Bigger share of EU budget could come from national taxes: advisory group
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By Francesco Guarascio
BRUSSELS (Reuters) - The European Union could raise more funds from national taxes specially earmarked to finance particular programs under plans flagged on Wednesday by an advisory group hoping to make the bloc more transparent and closer to citizens.
Under the plan, the EU could raise more revenues directly from member states' taxes, which currently constitute only about 10 percent of its total budget.
This could help reduce the bitter wrangling among the EU's 28 member states that regularly mars negotiations over the calculation of national payments to the EU budget, which currently account for more than two-thirds of EU revenues and are based on the countries' wealth.
The EU is keen to consider alternative revenues, especially in view of the planned exit of Britain, one of the largest contributors to its budget, following its June 23 referendum.
The current EU budget, totaling around one trillion euros, runs from 2014 till 2020 inclusive.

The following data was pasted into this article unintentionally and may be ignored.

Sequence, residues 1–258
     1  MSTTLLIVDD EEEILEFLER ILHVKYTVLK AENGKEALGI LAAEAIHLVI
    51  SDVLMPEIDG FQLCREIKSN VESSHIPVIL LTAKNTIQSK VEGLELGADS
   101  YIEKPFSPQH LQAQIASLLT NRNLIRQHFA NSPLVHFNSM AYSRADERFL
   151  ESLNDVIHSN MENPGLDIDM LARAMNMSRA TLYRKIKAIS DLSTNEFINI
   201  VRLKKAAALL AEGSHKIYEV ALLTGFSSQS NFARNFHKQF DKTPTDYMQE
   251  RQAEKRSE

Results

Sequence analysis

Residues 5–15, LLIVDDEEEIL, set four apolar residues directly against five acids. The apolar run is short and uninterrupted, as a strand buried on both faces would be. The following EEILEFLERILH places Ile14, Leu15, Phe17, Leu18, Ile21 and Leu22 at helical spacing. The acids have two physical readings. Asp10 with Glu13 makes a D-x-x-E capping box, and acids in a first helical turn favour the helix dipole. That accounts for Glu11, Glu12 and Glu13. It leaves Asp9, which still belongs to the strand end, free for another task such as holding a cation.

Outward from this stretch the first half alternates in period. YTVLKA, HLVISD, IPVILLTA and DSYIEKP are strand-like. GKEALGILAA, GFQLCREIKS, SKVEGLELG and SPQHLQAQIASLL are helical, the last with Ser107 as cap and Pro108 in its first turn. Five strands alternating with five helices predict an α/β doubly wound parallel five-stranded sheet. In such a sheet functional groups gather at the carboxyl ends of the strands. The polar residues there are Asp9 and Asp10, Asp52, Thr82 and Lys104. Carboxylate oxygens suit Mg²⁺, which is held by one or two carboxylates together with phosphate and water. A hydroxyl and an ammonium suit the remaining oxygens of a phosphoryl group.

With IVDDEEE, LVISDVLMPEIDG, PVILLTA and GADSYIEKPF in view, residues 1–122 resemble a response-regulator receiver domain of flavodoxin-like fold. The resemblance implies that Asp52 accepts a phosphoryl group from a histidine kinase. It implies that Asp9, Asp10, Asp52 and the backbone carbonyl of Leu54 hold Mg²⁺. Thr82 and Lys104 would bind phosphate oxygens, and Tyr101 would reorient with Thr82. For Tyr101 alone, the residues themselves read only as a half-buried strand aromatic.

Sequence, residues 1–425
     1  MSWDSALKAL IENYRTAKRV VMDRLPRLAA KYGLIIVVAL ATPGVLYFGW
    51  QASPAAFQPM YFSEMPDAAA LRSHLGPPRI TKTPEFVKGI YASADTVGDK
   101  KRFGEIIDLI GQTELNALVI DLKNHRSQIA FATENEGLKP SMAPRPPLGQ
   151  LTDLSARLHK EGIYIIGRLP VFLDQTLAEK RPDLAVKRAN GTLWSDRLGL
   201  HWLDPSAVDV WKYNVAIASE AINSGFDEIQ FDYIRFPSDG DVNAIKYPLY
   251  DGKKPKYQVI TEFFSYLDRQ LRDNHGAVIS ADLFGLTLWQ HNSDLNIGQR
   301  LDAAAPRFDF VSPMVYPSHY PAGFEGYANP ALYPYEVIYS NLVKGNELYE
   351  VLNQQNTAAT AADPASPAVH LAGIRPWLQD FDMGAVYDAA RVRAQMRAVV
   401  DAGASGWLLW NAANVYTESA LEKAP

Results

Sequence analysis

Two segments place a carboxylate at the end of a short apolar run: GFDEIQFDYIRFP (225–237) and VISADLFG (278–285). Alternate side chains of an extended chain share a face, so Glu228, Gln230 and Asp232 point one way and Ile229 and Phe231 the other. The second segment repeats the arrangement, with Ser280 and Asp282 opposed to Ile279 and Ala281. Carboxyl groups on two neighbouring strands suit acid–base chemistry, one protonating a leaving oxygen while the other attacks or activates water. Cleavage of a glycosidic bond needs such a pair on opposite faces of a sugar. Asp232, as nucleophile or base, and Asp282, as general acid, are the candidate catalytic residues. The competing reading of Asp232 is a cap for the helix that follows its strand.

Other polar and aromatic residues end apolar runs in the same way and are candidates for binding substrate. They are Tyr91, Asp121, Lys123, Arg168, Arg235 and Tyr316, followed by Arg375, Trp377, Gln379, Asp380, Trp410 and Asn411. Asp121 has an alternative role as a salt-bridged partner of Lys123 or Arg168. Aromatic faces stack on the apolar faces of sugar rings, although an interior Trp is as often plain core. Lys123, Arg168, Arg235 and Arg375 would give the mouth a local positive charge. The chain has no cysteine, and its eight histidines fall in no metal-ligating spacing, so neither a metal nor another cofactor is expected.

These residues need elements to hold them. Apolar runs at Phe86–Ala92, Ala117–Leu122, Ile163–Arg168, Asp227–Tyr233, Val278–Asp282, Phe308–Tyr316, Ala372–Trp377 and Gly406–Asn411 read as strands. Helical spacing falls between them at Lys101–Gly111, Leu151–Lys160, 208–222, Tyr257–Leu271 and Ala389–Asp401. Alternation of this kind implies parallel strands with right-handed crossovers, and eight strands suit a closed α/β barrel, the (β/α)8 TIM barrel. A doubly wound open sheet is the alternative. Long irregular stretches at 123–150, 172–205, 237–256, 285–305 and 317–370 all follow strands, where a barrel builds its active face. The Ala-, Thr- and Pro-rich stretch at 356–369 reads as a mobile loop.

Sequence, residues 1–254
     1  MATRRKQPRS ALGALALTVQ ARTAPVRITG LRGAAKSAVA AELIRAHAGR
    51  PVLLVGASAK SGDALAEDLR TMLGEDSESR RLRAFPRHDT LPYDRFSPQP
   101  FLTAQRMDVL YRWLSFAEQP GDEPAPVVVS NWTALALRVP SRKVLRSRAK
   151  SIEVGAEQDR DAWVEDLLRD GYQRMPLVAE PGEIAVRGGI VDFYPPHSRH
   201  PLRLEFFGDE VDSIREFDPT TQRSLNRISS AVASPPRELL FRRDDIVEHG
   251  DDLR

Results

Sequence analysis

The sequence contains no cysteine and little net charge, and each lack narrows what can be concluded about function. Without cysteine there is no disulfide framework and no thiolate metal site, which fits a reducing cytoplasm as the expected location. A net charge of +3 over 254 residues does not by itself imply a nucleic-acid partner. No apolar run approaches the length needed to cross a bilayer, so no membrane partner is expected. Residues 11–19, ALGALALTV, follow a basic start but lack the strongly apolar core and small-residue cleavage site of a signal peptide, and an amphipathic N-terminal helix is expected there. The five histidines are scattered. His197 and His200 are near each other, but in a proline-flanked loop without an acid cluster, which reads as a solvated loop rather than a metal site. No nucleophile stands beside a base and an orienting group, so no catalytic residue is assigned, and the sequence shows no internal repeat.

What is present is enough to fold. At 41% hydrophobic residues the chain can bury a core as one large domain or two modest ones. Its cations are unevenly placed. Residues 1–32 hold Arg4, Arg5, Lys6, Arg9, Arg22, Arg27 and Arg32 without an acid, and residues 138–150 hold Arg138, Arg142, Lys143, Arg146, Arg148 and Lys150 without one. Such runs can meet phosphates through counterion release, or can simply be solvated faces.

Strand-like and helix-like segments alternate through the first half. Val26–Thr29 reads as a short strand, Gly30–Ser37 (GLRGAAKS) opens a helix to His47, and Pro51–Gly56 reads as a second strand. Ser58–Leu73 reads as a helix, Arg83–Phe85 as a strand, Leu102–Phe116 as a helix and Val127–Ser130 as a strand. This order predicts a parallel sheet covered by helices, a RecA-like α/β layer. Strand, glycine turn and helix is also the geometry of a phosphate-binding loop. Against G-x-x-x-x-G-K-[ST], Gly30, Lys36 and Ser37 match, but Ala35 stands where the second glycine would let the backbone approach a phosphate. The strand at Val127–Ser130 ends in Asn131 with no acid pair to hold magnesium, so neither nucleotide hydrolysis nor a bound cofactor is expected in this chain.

Mario Monti, a former Italian prime minister and chair of the advisory group, suggested increasing the share of EU revenues coming from taxes at the expense of the payments from national budgets.
He also proposed a direct link between taxes raised at the national level and spending on specific policies such as security.
"There are certainly ways to devise 'own resources' (EU revenues) linked to an objective, a priority or a policy. This would make the financing of the EU more understandable to our citizens," Monti told lawmakers in the European Parliament.
Monti said his group was studying the possibility of raising funds from national taxes on motor fuel, financial activities or carbon emissions.
The advisory group's non-binding suggestions, which will be finalised in a report due in December, could reduce transfers made by member states to the EU budget, Monti said.
However, EU states have traditionally guarded very jealously their right of veto over tax policy, especially when facing tight financial constraints.
(Editing by Gareth Jones)
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